A somewhat obscure international commission--the Codex Alimentarius Commission--that sets food safety guidelines based on science has recently become another arena for trade disputes. Arguments about scientific uncertainties relating to food safety and efforts to bring non-scientific concerns into the consultations threaten to politicize decision-making and undermine the work of the commission.
The Codex Alimentarius Commission is an international organization virtually unknown to the general public. Nevertheless, while Codex works in the shadow of more prominent U.N. organizations, the impact of its work is felt by consumers everyday. The name "Codex Alimentarius" itself explains the general purpose of the Commission's work--a code for food. The origins of the code go back to a collection of food standards assembled during 1897 and 1911 in the Austro-Hungarian Empire and used as a legal reference by the courts. Currently the commission deals with a wide range of food issues--from labeling and hygienic standards to such detailed work as defining what constitutes butter.
The Codex Alimentarius was established in 1962 as a cooperative program by the United Nations' Food and Agriculture Organization (FAO) and the World Health Organization (WHO), and currently has over 160 countries as members. Its mission is to set international food standards that help governments to achieve adequate consumer protection. In addition, the commission helps to raise the governments' awareness on food safety issues and serves as a point of reference for food safety standards and food regulations. Codex also helps facilitate international trade in foods by preventing unscientific restrictions while considering differences in tradition, culture, and legal systems among countries. The commission develops principles of a general nature as well as specific recommendations for certain food products.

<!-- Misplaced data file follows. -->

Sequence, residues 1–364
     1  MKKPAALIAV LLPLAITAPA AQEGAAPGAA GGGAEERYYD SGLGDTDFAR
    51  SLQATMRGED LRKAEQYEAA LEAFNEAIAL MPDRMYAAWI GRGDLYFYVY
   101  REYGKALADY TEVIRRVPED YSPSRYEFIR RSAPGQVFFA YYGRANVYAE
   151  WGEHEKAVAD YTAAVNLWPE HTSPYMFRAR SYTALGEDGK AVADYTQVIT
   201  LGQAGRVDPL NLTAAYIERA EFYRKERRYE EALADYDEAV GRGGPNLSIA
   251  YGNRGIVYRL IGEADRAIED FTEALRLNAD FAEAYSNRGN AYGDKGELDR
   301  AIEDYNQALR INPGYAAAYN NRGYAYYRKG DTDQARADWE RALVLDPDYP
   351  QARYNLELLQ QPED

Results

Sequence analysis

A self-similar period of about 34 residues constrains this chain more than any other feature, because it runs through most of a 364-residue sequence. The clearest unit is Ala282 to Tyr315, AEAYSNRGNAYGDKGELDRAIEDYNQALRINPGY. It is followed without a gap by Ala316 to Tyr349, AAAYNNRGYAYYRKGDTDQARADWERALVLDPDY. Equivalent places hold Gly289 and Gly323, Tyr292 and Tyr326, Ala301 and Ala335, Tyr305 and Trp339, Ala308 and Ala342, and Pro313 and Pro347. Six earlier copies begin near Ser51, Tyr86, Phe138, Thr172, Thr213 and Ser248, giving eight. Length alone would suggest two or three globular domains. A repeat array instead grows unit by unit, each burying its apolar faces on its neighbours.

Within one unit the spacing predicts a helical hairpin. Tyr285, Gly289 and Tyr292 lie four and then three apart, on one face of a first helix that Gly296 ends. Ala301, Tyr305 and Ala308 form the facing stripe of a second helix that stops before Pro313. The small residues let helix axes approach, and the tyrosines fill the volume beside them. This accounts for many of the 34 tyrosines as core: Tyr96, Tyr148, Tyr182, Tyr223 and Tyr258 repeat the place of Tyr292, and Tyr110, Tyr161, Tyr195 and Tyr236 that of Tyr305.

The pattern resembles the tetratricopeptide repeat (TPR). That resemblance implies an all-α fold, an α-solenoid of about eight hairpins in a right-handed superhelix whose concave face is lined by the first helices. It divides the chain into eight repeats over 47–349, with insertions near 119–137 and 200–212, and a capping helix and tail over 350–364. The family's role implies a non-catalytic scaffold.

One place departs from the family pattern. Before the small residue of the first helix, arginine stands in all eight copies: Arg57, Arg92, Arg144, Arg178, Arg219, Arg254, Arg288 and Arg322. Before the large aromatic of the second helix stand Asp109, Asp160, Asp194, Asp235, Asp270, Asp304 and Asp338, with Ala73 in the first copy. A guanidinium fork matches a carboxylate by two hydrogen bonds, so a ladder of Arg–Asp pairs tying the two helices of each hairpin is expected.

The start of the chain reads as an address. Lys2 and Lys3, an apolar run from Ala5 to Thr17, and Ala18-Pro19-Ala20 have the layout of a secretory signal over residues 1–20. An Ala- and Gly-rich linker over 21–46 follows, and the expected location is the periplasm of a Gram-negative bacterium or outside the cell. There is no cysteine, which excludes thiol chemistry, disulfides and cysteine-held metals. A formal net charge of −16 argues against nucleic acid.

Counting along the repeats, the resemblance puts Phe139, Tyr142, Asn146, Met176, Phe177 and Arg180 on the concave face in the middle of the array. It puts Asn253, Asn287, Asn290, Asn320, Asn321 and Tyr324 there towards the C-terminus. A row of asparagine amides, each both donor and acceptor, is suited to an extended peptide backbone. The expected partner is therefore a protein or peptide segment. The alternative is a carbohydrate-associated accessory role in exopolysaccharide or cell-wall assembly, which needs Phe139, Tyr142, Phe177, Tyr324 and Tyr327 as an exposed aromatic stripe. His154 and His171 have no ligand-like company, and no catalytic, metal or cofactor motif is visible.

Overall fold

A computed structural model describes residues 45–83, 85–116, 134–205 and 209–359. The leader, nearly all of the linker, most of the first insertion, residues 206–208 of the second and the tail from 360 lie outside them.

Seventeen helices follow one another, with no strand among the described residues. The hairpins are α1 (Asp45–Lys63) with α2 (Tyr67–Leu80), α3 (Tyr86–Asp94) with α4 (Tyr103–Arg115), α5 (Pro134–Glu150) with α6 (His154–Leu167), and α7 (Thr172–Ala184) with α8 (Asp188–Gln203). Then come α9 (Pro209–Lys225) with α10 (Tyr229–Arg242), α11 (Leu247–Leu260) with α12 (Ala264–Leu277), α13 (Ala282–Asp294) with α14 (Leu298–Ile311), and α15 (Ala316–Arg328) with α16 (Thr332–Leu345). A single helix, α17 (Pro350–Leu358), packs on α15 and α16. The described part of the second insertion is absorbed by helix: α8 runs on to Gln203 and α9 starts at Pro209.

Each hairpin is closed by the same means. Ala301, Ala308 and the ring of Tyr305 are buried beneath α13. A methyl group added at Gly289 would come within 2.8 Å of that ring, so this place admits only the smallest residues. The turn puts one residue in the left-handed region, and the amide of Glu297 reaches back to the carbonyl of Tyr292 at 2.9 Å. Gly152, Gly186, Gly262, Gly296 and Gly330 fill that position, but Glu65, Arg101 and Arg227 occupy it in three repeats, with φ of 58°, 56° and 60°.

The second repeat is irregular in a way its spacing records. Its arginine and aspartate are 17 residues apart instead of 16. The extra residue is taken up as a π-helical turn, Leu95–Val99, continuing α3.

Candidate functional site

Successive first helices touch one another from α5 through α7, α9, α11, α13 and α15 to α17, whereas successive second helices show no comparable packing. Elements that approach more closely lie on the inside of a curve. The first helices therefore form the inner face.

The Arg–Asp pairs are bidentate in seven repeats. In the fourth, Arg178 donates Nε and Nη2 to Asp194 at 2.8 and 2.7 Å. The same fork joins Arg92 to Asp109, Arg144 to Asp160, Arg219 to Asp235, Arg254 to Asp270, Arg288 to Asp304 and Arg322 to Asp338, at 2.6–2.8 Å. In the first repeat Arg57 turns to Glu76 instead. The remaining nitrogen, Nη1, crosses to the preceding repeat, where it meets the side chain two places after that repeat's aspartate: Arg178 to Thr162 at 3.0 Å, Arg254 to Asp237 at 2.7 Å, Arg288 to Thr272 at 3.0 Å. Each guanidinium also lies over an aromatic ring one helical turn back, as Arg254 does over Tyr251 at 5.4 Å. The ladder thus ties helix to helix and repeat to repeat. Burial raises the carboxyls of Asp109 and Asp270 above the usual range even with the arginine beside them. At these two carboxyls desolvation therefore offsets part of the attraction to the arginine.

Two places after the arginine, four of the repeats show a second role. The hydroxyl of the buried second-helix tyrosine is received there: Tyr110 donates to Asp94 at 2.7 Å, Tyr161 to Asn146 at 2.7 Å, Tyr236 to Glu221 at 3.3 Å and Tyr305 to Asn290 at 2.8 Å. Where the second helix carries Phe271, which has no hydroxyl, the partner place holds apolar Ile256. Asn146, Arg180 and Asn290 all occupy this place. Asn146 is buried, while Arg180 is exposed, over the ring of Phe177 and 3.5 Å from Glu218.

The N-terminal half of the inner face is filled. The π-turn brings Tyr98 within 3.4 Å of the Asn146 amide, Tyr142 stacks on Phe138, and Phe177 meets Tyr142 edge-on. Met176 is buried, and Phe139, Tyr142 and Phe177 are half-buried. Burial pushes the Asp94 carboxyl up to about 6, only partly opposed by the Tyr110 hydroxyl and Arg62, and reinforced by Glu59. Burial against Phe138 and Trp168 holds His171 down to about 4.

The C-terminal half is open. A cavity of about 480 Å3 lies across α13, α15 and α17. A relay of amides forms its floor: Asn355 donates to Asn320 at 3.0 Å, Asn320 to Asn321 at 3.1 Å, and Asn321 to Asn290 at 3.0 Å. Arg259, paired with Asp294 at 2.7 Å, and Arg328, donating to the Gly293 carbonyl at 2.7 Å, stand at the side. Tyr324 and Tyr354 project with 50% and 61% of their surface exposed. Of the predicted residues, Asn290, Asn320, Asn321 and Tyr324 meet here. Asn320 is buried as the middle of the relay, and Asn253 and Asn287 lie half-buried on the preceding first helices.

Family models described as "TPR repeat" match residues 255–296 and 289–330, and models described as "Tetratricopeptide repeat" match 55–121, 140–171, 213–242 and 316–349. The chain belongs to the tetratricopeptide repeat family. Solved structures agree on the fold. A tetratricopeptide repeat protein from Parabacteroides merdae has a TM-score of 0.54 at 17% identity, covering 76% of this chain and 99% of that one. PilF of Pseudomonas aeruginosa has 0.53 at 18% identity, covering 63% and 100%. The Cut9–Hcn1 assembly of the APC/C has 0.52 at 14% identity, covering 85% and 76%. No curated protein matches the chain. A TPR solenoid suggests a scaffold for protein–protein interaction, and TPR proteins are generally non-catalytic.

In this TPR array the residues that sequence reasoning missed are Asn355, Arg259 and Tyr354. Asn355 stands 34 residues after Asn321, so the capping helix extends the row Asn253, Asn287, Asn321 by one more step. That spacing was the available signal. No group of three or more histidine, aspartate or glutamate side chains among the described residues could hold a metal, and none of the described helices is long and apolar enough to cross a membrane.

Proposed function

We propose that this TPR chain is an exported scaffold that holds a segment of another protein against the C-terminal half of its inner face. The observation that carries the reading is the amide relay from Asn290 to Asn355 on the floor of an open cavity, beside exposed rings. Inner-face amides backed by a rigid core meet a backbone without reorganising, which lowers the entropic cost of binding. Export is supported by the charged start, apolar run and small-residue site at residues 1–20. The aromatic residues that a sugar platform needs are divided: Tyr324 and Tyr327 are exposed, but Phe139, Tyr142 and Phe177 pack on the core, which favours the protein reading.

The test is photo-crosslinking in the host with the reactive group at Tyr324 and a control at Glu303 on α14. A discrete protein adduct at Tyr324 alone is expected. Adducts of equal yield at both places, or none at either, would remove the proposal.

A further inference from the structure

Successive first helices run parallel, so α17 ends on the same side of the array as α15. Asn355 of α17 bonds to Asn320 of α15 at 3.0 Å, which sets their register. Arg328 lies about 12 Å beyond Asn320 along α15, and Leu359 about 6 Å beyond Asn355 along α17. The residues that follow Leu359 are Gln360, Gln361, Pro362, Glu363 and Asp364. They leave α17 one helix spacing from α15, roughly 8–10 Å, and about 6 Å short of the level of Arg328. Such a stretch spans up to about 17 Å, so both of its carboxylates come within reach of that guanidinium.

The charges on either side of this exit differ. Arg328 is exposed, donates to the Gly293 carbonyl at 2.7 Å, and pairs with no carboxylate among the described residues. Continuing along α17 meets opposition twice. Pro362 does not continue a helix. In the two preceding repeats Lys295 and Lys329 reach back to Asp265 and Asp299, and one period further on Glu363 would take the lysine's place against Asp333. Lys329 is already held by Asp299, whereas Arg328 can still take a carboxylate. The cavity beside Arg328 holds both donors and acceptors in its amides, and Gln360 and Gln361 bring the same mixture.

Currently, countries' delegations to the Codex Alimentarius consist of government officials but can also include industry or consumer representatives, as well as academic experts. The committees currently cover nine general subject areas, such as food labeling, and 13 commodities, such as meat, fish, and milk products. There are also three ad hoc intergovernmental task forces (foods derived from biotechnology, animal feeding, and fruit and vegetable juices).
How Food Standards Are Approved. Initially a proposal to develop a new food standard is submitted to the Codex Commission by either a government or a Codex subsidiary. The Commission or the executive committee then decides whether the proposal should proceed. A list of formal criteria helps to guide the Commission in its decision-making process.
After the Commission determines that a new standard is needed, a proposed draft standard is prepared and circulated among the members for comments. After consideration of comments, a draft standard is then presented to the Commission, and, if adopted by the Commission, is then sent to the governments. The process may involve sending the draft back and forth between the Commission and members before it may be adopted as a new Codex standard. This process involves eight official steps or, in …